By Gustavo Arellano
By R. Scott Moxley
By Alfonso Delgado
By Courtney Hamilton
By Joel Beers
By Peter Maguire
By Charles Lam
By Charles Lam
Ever since word emerged in the early morning of Jan. 18 that a brutal fight occurred outside the Crosby in downtown Santa Ana and left a Vietnamese-American woman brain dead, the saga of Kim Pham has been inextricably rooted in technology. Eyewitnesses spread the initial reports of the beating on Twitter, Instagram and Snapchat—status updates, photos, videos and more. When the first video snippet of the altercation surfaced, Pham's friends took to Facebook to find the people who might have killed her. The story went viral a full two days before the mainstream media caught up, and the thousands of tips and leads that Santa Ana Police Department detectives pursued afterward were fueled mostly by that initial social-media push. Much of the evidence and testimony in the case has been digital, with the arguments of both sides predicated on nearly half a dozen videos of various graininess.
But while the deluge of digital evidence seems as though it would help the Orange County district attorney's office, which charged Candace Brito and Vanesa Zavala with Pham's murder, it's actually doing the opposite. The inability of the prosecution and defense to adequately use the technology in Judge Thomas Goethals' courtroom has led to jarring stoppages in questioning, confusing situations for jurors and witnesses, and momentary disappearances of clear lines of questioning on both sides.
These pauses and glitches are embarrassing defense attorney Kenneth Reed—but it's downright harming the DA's case. The People's technology issues surfaced during opening statements. Senior Deputy District Attorney Troy Pino began strong, pinpointing each argument he was going to make, as well as the evidence and witnesses he was going to use to support it.
"We have seven witnesses who see kicks to [the] head," Pino said, making sure to gesture with his hands at the jury on each point. "Three are friends of Kim Pham, four are independent. Two witnesses have partial video."
But when it came time to show the jurors a video of the altercation, his punctuated delivery disappeared. He had to close his PowerPoint presentation, a garish mishmash of bad fonts and colors, to play a video. The DVD drive of his computer lagged, leading to disconcerted looks among jurors and the audience. And when he was able to make the video work, the audio wouldn't play. Pino eventually waited until later that day to try again. By the time he got the sound working with the video so the jury could hear the cacophony of dozens of people yelling, screaming and crying, the damage to Pino's presentation skills were singed. Later, as Pino loaded a video of Pham's friends pushing away Brito and Zavala, he attempted to fill the empty time with idle, desperate talk. "I hope we'll have audio," he said, openly pining for someone to appear and connect the correct wires.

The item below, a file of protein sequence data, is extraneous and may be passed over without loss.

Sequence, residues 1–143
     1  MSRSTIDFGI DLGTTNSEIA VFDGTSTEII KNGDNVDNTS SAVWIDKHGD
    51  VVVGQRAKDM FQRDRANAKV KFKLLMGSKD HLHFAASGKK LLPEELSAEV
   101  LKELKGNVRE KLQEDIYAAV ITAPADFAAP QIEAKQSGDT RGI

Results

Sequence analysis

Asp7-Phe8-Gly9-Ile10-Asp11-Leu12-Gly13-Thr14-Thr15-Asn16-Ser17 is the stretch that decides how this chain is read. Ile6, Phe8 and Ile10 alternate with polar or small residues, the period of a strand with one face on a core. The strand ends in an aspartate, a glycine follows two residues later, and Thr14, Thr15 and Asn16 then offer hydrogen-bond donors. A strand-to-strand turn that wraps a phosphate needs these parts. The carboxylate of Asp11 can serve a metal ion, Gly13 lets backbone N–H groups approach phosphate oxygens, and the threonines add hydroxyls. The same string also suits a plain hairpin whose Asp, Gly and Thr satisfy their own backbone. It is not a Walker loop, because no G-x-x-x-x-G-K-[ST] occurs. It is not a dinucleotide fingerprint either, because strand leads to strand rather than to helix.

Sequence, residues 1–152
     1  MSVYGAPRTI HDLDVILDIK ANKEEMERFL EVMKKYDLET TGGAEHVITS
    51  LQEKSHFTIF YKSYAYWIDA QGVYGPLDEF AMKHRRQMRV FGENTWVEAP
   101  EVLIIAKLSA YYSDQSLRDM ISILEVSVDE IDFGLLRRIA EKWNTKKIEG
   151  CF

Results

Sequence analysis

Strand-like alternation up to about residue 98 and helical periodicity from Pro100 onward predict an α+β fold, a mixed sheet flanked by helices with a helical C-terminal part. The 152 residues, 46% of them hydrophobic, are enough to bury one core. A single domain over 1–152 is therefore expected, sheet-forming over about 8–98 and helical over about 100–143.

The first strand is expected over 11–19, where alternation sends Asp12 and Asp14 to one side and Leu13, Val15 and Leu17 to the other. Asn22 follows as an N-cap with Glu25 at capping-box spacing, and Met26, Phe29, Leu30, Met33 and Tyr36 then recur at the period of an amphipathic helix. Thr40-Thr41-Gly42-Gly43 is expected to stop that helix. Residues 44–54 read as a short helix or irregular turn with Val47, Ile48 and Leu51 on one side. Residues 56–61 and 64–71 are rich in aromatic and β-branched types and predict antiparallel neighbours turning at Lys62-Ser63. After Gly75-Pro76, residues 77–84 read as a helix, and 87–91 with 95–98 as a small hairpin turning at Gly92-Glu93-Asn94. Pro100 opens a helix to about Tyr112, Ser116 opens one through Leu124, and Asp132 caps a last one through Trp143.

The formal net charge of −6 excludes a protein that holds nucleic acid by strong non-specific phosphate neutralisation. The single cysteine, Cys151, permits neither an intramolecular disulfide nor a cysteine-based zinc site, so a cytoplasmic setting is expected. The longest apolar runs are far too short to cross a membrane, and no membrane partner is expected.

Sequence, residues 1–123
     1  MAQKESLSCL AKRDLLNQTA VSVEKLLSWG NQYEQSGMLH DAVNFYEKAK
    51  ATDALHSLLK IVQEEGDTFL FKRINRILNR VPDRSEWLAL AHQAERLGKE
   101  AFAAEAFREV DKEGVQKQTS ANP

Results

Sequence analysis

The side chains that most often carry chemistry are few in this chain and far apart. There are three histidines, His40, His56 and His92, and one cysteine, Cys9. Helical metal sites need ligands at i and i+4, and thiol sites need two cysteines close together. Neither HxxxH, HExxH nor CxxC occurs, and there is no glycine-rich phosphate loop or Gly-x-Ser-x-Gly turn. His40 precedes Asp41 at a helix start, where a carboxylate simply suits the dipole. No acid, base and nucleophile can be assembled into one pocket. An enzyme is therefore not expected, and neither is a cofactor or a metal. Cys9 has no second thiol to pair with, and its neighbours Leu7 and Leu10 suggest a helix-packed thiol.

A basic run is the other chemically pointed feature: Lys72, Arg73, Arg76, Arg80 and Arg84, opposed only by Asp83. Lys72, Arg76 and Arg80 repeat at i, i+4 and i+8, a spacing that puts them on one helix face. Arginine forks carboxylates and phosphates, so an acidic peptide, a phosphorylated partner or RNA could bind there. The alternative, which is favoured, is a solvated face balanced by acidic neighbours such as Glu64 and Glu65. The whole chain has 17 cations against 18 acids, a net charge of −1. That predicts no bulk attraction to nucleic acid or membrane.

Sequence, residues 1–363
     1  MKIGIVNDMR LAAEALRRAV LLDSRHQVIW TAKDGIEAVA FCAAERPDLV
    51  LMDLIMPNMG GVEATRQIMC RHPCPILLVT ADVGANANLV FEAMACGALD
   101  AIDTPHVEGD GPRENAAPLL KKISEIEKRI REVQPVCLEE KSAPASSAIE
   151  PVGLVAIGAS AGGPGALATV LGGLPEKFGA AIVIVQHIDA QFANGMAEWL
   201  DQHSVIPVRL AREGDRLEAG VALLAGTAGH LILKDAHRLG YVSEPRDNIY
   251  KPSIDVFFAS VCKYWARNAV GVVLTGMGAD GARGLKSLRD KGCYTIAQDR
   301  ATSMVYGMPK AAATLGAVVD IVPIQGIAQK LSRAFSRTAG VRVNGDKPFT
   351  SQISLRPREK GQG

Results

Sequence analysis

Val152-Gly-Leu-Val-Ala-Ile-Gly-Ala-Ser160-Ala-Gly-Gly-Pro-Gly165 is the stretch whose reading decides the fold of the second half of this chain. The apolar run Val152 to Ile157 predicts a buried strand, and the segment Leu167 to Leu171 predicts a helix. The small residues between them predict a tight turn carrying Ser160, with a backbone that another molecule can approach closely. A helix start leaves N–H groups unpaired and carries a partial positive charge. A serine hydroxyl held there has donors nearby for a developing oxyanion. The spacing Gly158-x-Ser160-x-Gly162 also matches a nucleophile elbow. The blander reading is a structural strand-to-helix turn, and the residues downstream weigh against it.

Then came Pino's problem of too much audio. During day two of the trial, Pino successfully showed a video as he questioned his witness. Suddenly, white noise from the sound system's live wires buzzed in the background, making it difficult to hear anything the witness was saying. Pino gallantly attempted to continue with his questioning, as members of the public and several jurors looked around in confusion. A bailiff soon unplugged an audio cable so the buzzing would stop.
The defense has also weathered tech hiccups. On day three, as Reed (who's representing Zavala) cross-examined another of Pham's friends, he plugged his laptop into the court's AV system. After a few seconds, his screen appeared on both TVs and the projection screen. "I have no clue how I made that happen," he said. He has yet to successfully play audio over the courtroom's sound system, instead relying on tinny Macbook Pro speakers that he decidedly points away from the jury. And then there's his questioning. When video evidence is played on two LCD televisions and one large projector screen, Reed has most of his cross-examined witnesses leave the stand so they could position themselves 2 feet from where the videos are shown. Reed's quick-talking, witness-confusing style of cross-examination isn't as effective when he has to wait for a person to get up, walk to a screen, watch a 4-second video clip, return to the witness box, and then speak into a microphone.
Worse still are Reed's efforts to have witnesses identify individuals in stills pulled from videos in evidence. None of the photos his office printed displayed clearly on the courtroom's overhead projector, thanks to the glare produced by the semi-glossy paper Reed's office chose. Instead of filling in names for the jury to see, Reed has needed to approach witnesses multiple times so they can fill in the identification themselves.
Reed's slip-ups would kill his case if he were alone, but it has allowed Michael Molfetta, Brito's defense attorney, to look competent by comparison. The high-priced defense lawyer is known for his charisma and possesses a courtroom style akin to Sam Waterson's character in Law and Order. While much of Pino's and Reed's questioning is awkwardly timed around video clips, Molfetta is breezier. In nearly 20 hours, Molfetta has used a video clip during his cross-examination just once: during the afternoon of the third day. While addressing Jacqueline Dinh, a young Vietnamese woman who can be seen in videos trying to push attackers away from Pham, Molfetta played a video thanks to—Molfetta's words—Reed, "my IT department."